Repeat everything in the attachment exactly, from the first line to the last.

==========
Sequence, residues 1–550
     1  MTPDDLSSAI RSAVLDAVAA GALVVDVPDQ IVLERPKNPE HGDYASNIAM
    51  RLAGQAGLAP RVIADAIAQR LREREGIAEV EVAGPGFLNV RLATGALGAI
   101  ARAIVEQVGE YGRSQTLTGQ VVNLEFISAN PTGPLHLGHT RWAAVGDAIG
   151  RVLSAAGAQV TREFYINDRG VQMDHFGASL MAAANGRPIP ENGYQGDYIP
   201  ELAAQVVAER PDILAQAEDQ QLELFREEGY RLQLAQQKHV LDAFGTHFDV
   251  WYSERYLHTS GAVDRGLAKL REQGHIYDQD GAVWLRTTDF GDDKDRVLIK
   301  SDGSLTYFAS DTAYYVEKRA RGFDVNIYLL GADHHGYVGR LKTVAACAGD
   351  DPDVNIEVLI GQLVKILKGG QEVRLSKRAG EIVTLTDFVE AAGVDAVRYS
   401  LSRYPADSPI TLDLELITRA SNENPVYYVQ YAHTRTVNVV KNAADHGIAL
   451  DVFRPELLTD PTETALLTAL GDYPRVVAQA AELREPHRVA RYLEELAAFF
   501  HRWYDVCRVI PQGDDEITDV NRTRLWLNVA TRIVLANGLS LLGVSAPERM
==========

Sequence, residues 1–550
     1  MTPDDLSSAI RSAVLDAVAA GALVVDVPDQ IVLERPKNPE HGDYASNIAM
    51  RLAGQAGLAP RVIADAIAQR LREREGIAEV EVAGPGFLNV RLATGALGAI
   101  ARAIVEQVGE YGRSQTLTGQ VVNLEFISAN PTGPLHLGHT RWAAVGDAIG
   151  RVLSAAGAQV TREFYINDRG VQMDHFGASL MAAANGRPIP ENGYQGDYIP
   201  ELAAQVVAER PDILAQAEDQ QLELFREEGY RLQLAQQKHV LDAFGTHFDV
   251  WYSERYLHTS GAVDRGLAKL REQGHIYDQD GAVWLRTTDF GDDKDRVLIK
   301  SDGSLTYFAS DTAYYVEKRA RGFDVNIYLL GADHHGYVGR LKTVAACAGD
   351  DPDVNIEVLI GQLVKILKGG QEVRLSKRAG EIVTLTDFVE AAGVDAVRYS
   401  LSRYPADSPI TLDLELITRA SNENPVYYVQ YAHTRTVNVV KNAADHGIAL
   451  DVFRPELLTD PTETALLTAL GDYPRVVAQA AELREPHRVA RYLEELAAFF
   501  HRWYDVCRVI PQGDDEITDV NRTRLWLNVA TRIVLANGLS LLGVSAPERM